Wednesday, February 25, 2015

Arctic Experiences

The northern most part of Finland is called Lapland. This is the largest and northernmost region which borders Sweden, Norway and Russia.
Lapland is a must see if you get the chance to visit Finland. My husband and I traveled there by overnight train. After 13 hours we arrived at our destination. The train ride was horrible. The seats were uncomfortable and the bright lights are on all night. However, the destination was worth the trouble.  Our first morning we were picked up and driven north to do a husky tour. Both my husband and I got a chance to drive the dog sled for about an hour each. I have to say it made my top ten list of the most fun things that I have done.

Husky tours are a great way for locals to make money as they are very popular with the tourists. 

Another big tourist draw is Santa's village. You see Santa actually lives in Finland and his work place is in Rovaniemi at Santa's village. Children come from all over Europe for a chance to meet Santa Claus and let him know what they would like for Christmas. Santa actually speaks many different languages. Visitors can write postcards and have them delivered on the next Christmas. Santa's Village is also located right on the arctic circle. So many go here just to say they have crossed the arctic circle.

Lost my reindeer!

This is the building where Santa works.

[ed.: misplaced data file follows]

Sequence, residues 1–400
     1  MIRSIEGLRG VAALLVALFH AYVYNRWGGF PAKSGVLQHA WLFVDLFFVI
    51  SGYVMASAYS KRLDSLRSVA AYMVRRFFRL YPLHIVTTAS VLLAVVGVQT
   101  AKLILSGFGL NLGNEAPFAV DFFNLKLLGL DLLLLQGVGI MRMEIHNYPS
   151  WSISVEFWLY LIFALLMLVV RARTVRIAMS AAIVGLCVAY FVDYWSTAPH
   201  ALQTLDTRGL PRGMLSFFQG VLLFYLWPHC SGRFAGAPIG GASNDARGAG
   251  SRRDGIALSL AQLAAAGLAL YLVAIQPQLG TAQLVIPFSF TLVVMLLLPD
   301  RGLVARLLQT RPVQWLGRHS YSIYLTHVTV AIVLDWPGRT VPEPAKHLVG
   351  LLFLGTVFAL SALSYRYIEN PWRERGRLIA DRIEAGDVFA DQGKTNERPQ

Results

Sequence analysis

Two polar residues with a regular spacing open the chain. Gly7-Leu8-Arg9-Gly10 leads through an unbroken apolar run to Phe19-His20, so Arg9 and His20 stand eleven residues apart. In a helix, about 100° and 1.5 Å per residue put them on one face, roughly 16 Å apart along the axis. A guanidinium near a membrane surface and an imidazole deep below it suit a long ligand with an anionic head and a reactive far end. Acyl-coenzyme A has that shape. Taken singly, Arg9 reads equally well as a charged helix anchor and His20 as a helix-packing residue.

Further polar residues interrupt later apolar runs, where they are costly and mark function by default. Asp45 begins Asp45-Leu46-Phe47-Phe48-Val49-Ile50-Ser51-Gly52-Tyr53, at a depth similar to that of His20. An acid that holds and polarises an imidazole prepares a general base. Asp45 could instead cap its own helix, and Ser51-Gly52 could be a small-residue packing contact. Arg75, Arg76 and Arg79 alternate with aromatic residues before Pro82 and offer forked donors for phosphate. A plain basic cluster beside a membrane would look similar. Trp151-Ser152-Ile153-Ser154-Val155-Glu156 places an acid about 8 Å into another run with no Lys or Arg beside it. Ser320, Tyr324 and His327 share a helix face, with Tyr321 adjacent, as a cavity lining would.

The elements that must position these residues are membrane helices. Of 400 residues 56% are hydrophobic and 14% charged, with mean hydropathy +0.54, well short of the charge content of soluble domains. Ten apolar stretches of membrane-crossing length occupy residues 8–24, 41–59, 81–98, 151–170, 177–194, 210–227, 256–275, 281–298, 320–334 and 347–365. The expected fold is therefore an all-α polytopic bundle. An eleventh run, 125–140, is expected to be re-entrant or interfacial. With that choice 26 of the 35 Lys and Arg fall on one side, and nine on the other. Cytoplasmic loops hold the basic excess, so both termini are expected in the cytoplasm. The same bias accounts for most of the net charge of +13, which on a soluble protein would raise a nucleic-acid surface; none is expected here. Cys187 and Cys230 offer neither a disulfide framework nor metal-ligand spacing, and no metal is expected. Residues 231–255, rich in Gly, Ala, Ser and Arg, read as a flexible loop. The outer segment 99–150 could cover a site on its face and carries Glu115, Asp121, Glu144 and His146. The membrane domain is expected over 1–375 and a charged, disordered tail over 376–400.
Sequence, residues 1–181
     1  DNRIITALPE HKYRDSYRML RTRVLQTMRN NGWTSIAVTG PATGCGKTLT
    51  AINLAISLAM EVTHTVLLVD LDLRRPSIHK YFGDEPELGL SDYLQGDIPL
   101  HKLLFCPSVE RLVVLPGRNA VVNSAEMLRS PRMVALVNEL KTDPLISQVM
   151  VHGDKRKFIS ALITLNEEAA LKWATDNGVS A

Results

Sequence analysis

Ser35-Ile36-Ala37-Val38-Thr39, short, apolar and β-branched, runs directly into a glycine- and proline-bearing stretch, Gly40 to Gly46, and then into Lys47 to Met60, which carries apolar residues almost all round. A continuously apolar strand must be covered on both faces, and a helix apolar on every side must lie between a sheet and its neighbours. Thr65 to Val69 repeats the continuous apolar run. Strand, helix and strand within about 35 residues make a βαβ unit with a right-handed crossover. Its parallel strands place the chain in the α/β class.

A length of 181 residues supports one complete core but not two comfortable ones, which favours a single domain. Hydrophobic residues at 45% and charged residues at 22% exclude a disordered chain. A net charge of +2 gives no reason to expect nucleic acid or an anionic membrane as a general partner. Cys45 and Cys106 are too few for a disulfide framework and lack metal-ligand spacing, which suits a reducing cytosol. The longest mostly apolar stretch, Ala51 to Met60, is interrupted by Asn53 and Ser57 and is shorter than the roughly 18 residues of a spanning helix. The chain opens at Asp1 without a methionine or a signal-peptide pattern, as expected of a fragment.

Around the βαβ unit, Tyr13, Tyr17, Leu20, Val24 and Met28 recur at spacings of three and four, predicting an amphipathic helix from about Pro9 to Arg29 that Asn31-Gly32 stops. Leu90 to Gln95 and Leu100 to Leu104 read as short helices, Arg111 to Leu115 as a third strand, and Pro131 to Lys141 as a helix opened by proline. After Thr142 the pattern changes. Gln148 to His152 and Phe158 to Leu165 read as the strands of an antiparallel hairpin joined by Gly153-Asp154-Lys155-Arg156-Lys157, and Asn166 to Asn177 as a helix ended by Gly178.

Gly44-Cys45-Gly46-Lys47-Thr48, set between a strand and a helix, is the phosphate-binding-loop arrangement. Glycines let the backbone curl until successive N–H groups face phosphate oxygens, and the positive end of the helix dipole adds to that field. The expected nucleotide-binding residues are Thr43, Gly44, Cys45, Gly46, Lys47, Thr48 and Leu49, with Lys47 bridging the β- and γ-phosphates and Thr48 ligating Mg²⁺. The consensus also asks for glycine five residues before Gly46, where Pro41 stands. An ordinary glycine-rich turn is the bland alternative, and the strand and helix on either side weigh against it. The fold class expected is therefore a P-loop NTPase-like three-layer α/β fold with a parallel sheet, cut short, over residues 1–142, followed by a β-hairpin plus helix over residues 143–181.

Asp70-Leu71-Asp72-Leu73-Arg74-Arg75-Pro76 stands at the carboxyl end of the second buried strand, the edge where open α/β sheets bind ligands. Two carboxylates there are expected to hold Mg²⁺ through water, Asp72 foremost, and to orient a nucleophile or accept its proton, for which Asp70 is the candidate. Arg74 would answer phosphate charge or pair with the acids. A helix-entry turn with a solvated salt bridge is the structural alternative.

The other big business in Lapland has to do with reindeer. While there are some wild reindeer, most of the reindeer live on farms. They are raised for meat. During the majority of the year the reindeer are allowed to roam freely. I have been told that it is hard to drive around without coming across reindeer on the road. Unfortunately, since we went during the winter, the reindeer had been rounded up and were kept in enclosed places. We went to a reindeer farm where we could feed them. Some reindeer herders also offer reindeer sled rides.
Reindeer sled at Santa's Village
Me feeding reindeer

I loved Lapland. The area was harsh but beautiful. The sun didn't get high in the sky and the daytime was short, but the air was fresh and crisp. Unfortunately, we didn't get to see the aurora borealis, which was a total bummer, but I have never seen so many stars in the sky.

Unfortunately, climate change may change these arctic regions. NASA research has shown that in the last 166 years the Northern Hemisphere have increased in temperature by .93 degrees C. However, Finland has increased by 2 degrees C. In fact, Finland is the fastest warming country in the world. I know that all winter everyone has been telling me that the weather has been changing. We had a very warm winter here with very little snow. Quite different than what was experienced in New England!

However, change in the arctic regions of our world have many people concerned. Obviously we are worried about animals that live in these cold places, like polar bears. But there are more concerns than that. Ice melting means less light is reflected back into space. Remember the albedo effect? More heat is being absorbed by oceans and land that once was ice. Also permafrost, land which has been frozen for at least two years, is defrosting. All the methane gas in the permafrost gets released into the atmosphere and methane is an even stronger greenhouse gas than carbon dioxide. Lastly, arctic ice melting means that we are opening up parts of the ocean that have never been accessible before. People are starting to think about the possibility of natural resources, such as oil, that might be recovered in these northern regions and the creation of new shipping routes.